This Sunday sees one of London's less trendy football clubs step into the limelight, as Brentford take on Yeovil Town in the League One play-off final. The Bees are looking to return to the second tier of English football for the first time since 1992, though to do so they will have to overcome the weight of a fairly horrendous history in big matches.
It would be fair to say that lady luck has never had a soft spot for Brentford FC. The club's ascent in the 1930s peaked with a fifth-placed finish in the top flight before the Luftwaffe decided enough was enough. Had you told a Brentford fan in 1942 that their triumph in the London War Cup would be their only trophy of note over 70 years later, you may well have been accused of talking through your fashionable felt fedora.
The club's history of falling at the final hurdle actually began a year earlier, as they lost the 1941 London War Cup final to Reading. Not until 1985 did Brentford return to Wembley, losing the Freight Rover Trophy final to Wigan – a competition (now known as the Johnstone's Paint Trophy) they would again fail to win in both 2001 and 2011.
The play-offs have also been quite disastrous over the years. 1997 saw defeat to Crewe in the third-tier playoff final at Wembley, and five years later the same sorry tale played out against Stoke. Three times the Bees have lost out in the semi-finals, so at least they've again gone one better this year.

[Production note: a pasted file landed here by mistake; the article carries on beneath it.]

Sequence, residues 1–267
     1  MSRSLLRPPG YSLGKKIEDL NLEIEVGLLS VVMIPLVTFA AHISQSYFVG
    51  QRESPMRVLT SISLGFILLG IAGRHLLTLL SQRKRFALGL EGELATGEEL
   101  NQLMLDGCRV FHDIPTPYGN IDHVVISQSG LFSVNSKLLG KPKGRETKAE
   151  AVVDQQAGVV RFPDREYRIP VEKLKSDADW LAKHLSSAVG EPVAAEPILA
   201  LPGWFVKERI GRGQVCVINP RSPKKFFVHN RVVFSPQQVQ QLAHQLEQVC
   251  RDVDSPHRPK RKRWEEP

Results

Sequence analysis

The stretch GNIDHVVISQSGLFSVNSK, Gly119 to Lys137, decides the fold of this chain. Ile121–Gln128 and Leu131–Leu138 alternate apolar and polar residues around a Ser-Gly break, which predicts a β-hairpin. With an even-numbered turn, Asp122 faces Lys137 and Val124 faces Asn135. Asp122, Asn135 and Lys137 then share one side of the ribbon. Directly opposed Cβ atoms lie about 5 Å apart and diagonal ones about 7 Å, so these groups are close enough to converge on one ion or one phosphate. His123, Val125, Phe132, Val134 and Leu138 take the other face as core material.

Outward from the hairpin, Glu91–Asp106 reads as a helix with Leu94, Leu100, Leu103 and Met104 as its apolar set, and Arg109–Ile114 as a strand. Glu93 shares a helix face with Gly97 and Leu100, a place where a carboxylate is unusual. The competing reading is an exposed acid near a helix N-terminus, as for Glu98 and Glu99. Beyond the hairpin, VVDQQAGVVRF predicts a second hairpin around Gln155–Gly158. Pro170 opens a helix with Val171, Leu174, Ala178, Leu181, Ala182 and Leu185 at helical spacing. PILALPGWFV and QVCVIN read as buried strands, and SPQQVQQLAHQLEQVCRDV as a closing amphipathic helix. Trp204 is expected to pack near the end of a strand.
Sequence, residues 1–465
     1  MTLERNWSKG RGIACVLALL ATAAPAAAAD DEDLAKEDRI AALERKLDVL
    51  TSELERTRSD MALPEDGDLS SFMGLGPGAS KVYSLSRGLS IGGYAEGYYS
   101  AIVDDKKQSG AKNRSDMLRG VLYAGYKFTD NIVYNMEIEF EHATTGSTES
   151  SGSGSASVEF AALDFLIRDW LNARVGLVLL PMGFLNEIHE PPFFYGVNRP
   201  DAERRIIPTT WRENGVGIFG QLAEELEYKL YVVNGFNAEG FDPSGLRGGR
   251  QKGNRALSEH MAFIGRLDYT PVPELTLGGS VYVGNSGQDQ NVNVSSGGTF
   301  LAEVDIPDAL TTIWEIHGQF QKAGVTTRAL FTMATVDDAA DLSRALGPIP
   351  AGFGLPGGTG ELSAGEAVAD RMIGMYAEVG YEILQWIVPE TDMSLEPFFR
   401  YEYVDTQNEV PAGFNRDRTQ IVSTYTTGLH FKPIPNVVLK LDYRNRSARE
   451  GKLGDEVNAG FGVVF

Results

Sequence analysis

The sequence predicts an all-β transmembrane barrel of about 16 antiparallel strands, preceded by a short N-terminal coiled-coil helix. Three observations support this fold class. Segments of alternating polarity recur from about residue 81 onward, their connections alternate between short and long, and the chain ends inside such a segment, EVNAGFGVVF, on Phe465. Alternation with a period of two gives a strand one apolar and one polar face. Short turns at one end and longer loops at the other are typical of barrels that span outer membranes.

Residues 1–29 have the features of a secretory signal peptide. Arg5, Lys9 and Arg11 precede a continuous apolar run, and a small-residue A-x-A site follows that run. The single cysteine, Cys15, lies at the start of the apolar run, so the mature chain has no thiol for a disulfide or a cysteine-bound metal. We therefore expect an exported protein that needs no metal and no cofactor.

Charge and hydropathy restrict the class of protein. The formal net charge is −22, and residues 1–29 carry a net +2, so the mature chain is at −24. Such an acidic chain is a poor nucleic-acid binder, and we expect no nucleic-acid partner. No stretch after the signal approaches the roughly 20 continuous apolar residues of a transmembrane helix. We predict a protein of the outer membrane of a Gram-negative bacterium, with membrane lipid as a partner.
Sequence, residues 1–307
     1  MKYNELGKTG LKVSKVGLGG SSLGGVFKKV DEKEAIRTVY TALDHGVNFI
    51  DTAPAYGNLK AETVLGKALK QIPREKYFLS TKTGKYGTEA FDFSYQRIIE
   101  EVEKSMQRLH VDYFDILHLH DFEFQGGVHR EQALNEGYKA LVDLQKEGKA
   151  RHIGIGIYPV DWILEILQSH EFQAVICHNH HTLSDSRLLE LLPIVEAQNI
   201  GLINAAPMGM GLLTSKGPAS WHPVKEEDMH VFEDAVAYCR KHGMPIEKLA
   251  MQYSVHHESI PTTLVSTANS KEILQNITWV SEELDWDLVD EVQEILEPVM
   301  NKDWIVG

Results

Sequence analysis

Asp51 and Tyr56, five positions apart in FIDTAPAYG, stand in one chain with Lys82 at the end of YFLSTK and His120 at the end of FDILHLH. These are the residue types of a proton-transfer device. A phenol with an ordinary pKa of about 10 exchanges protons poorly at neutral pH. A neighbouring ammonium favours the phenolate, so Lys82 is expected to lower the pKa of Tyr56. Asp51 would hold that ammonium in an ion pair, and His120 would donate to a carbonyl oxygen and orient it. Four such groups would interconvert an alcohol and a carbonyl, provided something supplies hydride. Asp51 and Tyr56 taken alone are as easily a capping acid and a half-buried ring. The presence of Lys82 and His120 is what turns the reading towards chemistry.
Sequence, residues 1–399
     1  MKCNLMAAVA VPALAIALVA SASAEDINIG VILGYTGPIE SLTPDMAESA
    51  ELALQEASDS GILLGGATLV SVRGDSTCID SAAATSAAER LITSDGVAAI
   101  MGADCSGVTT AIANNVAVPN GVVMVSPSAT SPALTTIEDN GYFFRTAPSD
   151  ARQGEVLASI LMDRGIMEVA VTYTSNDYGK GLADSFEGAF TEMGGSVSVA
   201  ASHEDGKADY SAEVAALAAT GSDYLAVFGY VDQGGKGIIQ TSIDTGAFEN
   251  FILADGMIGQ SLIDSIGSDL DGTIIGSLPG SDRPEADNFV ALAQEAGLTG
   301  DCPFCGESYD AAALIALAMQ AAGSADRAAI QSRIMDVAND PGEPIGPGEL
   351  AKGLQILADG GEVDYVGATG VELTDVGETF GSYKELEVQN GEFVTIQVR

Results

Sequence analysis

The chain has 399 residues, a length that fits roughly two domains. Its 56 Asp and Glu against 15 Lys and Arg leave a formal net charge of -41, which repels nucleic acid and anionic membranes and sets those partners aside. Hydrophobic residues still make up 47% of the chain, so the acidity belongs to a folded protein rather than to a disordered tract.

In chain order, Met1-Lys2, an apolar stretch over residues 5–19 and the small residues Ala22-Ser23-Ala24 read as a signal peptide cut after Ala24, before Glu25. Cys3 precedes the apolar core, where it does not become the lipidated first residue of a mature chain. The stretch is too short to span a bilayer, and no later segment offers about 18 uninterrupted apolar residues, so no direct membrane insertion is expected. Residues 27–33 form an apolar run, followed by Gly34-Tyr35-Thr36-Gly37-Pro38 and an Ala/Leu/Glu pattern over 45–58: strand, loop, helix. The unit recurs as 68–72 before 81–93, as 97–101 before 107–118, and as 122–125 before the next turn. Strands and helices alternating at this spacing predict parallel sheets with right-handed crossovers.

Not that any Brentford fan wants to be in the play-offs this year. The tragedy of the final game of the regular season, when the Bees were a crossbar's width from automatic promotion, will have many fans trudging to Wembley with pessimistic hearts on Sunday.
But things are certainly looking up for the club. Manager Uwe Rosler is highly regarded and promotion may well be needed for the Bees to hold onto him. And under owner Matthew Benham, a fervent fan of the club himself, Brentford have secured their financial future and plan to move to a new ground at Kew in time for the 2016-17 season. Fans will be sad to see the back of Griffin Park, which famously is the only ground in the country to have a pub on every corner (as highlighted in this excellent Guardian piece).
No-one, however, will be sad to put an end to the Bees' dire record in important matches if they can secure the promotion they surely deserve this weekend.
By Chris Lockie